Introduction to the transportation project

We briefly explored some of Maven's core concepts. Before we start diving into details, we will introduce the project that will guide us across this book: transportation project.

This project aims to develop an application to track vehicles moving around the world and provides an integrated GUI for visualization and statistic calculations.

The example project that we will describe in this book is a complex multimodule J2EE application. Its functional architecture is shown in the following figure:

As we can see in the preceding figure, the project is composed of several modules that interact with each other and store their data in a shared database. All the modules composing the project follow a common naming convention. The first part of the name indicates the project. The second part is a descriptive name indicating the main functionality of the module. The final part indicates the packaging of each module. All the parts composing the name are separated by a dash.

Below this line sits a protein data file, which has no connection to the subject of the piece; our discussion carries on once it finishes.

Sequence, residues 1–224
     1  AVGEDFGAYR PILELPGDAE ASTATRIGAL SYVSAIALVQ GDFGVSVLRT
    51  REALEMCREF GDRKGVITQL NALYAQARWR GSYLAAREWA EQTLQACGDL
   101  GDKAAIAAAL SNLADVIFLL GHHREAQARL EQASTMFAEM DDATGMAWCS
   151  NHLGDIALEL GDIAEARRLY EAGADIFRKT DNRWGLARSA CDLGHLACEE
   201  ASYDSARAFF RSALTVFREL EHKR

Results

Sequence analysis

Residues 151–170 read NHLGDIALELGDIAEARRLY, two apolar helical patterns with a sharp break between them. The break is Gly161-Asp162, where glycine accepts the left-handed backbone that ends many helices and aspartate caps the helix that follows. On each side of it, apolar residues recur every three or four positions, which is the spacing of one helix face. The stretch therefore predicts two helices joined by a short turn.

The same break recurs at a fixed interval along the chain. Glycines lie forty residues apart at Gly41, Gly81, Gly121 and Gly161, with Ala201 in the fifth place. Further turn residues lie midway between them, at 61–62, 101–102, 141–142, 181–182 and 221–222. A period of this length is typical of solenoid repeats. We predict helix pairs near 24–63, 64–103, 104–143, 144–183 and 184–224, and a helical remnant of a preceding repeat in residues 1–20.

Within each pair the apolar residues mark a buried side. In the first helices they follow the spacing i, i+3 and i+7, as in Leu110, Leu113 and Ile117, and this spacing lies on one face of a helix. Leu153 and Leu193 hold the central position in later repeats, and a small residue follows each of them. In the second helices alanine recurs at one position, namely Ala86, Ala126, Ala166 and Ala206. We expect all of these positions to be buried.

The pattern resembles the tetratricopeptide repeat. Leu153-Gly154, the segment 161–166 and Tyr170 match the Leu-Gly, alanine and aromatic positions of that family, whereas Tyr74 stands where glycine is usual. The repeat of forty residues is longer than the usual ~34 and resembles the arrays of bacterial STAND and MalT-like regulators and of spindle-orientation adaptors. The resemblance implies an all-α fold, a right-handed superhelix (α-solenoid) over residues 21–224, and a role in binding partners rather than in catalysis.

The following list describes what these modules are in charge of:

  • transportation-android-apk: This is an Android application in charge of collecting GNSS coordinates and periodically sending them to the backend.

  • transportation-acq-ear: This is an archive module containing all the functionalities of the backend interface.

  • transportation-acq-war: This is a web application module exposing the backend functionalities to an app across the world using the REST technology. This module receives the application requests, validates them, and invokes the transportation-acq-ejb functionalities in order to perform its tasks.